|Total image weight (KB)||1st img. request start–doc. complete||Speed Index||Number of images|
|98 kilobytes||505 milliseconds||901||10|
|186 kilobytes||608 milliseconds||995||10|
|290 kilobytes||2270 milliseconds||1018||10|
|432 kilobytes||2760 milliseconds||1070||10|
Cable 5 Mbps download, same email at various resolutions e.g 1 ×, 1.5 ×, 2 ×
Loosely we can say that we exceed our 1 second image budget between 200 –300 KB under a Cable connection. It’s also around this point that the Speed Index — the average time at which visible parts of the page are displayed or the perceived performance of a page — exceeds the recommended 1000 or less barrier.
|Total image weight (KB)||1st img. request start – doc. complete||Speed Index||Number of images|
|98 kilobytes||2223 milliseconds||1313||10|
|186 kilobytes||3491 milliseconds||1533||10|
|290 kilobytes||3249 milliseconds||2258||10|
|432 kilobytes||4694 milliseconds||2018||10|
Mobile 3G – Fast 1.6 Mbps download, identical test emails to above
Under Mobile 3G Fast, ~100 KB of images takes around 2 seconds to download, and we’ve already blown our Speed Index at 1313. If you want to hit this hard, then you’ll need to start thinking in sub 100 KB image downloads and fewer overall requests. Ideally 100 KB all in with your HTML and images, then you know you’ll not bump up against Gmails 100 KB code limit. While I’m calling this an ‘image budget’, if you have other external resources such as webfonts you’ll want to factor those in. Note down the WOFF file weight — not WOFF 2 which is lighter — as that’s the most widely supported format in email.
Both the Speed Index (average time at which visible parts of the page are displayed) and Start Render Time (first point in time that something was displayed to the screen), are indicators of how fast the page feels to the user. I’ve recorded both in the spreadsheet from my tests. Time to Interactivity is another benchmark I’ve come across. One reason for practicing defensive email design — live text, coded buttons etc.—is that it’s actionable even with images blocked.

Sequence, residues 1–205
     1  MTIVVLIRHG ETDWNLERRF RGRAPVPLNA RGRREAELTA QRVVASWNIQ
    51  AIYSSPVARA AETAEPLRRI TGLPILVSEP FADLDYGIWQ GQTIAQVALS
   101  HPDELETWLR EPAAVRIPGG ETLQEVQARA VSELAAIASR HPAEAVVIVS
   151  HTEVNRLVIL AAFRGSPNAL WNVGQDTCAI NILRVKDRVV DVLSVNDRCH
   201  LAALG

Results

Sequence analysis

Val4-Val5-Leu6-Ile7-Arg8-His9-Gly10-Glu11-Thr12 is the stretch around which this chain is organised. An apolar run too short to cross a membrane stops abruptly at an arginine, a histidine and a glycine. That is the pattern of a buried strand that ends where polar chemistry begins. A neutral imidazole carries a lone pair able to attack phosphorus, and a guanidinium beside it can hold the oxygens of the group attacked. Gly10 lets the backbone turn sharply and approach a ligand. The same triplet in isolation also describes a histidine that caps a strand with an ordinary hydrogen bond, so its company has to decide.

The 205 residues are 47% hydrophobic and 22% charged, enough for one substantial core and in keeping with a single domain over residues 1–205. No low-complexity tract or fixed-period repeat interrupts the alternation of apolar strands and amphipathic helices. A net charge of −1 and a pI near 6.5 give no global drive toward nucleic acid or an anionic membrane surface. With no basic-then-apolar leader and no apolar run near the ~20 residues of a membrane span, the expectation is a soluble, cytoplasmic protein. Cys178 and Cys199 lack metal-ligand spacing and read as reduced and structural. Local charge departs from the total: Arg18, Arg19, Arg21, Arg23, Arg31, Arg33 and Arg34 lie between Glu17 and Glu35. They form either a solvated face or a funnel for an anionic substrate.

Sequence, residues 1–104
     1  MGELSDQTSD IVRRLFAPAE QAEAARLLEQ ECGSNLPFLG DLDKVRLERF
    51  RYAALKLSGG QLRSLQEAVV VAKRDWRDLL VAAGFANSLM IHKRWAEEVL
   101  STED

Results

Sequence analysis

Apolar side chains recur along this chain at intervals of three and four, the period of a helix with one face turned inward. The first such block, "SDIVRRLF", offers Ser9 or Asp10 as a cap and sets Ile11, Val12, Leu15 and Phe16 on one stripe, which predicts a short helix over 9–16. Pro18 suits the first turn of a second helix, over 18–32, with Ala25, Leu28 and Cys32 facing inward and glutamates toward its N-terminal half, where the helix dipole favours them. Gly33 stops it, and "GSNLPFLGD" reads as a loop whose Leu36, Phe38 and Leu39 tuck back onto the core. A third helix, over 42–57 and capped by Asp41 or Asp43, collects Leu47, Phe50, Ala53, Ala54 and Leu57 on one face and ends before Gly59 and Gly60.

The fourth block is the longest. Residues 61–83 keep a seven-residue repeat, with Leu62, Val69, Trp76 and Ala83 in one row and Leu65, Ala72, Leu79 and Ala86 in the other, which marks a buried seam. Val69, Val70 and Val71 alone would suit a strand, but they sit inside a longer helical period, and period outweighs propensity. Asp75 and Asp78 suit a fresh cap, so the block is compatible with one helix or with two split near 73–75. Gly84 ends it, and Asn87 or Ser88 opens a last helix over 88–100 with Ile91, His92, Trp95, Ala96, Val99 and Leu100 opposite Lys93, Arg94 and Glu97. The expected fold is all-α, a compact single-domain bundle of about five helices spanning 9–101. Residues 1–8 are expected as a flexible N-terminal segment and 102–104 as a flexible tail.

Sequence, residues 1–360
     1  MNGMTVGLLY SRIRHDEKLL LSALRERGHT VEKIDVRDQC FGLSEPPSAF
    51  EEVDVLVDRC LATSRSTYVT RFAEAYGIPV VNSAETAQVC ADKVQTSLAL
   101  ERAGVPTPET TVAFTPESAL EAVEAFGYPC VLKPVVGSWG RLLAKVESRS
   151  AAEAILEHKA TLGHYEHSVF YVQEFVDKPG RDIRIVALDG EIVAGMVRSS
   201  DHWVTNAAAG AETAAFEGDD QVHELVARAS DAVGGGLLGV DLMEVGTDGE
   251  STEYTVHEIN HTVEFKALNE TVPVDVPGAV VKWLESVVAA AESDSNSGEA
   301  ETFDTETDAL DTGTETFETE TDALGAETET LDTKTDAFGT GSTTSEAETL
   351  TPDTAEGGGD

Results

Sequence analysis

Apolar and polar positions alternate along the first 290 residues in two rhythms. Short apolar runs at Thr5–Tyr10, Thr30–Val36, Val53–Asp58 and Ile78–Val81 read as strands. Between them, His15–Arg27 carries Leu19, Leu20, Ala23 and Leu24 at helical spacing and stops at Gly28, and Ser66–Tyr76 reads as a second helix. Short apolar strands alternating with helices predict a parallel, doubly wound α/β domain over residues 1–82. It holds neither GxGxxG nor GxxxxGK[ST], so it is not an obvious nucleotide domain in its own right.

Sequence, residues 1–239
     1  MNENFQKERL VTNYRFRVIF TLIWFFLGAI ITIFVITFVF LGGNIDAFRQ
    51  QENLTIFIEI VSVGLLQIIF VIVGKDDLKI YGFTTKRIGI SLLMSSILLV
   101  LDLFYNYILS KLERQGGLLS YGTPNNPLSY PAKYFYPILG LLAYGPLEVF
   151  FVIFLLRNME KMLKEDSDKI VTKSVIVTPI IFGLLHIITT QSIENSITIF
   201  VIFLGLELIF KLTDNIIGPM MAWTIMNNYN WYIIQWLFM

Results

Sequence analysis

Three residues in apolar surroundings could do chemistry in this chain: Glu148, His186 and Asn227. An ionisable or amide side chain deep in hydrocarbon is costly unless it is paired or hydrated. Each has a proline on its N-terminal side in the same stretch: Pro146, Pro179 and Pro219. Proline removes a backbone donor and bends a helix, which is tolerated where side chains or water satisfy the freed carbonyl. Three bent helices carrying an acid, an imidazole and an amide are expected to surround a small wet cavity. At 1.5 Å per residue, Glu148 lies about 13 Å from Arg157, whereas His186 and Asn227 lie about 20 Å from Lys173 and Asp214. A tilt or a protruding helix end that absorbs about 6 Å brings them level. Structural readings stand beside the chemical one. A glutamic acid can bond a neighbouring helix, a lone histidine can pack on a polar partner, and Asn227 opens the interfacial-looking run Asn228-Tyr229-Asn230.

Metrics that measure the perceived speed rather than the actual speed can be more meaningful, as they attempt to take into account the overall user experience. While Speed Index isn’t an email specific metric, we can still view it as a red flag if we exceed Paul Irish’ recommendation to keep it below 1000. I like to look at the timing and Speed Index, if both are in the right ballpark then I feel I’m in decent shape.
Go in low
I think we’re not alone in that although we have a device lab, much of our testing is carried out under favorable office conditions. We need to take slower connection speeds into consideration more when working out our image budgets, as the Google PageSpeed team reminds us, “3G is the dominant network type around the world, and will be for years to come, you have to optimize pages with 3G users in mind.” This is echoed by Trent Walton, “Thinking of (and testing with) slow connection speeds is the best place to start” and Etsy below who monitor both Cable and 3G connection speeds.
Etsy performance monitors showing both Cable and 3G connections which allow them to *feel* the difference
Another reason to go in low is Guy Podjarny’s point that network conditions are so changeable it makes speed hard to predict so your safest bet is to, “design for a usable experience in a slow network”. Latency and bandwidth estimations can seem futile when you consider all the real-world variables, especially on mobile networks. Looking at data showing how 3G download speeds can range from 0.59 – 3.84 Mbps depending on your carrier, and how it varies from state to country makes you not even want to try. But it is useful to have performance numbers to benchmark against. If we aren’t hitting the numbers within the controlled conditions of a performance measurement tool like WebPageTest, then we’ll likely struggle even more with real-world users.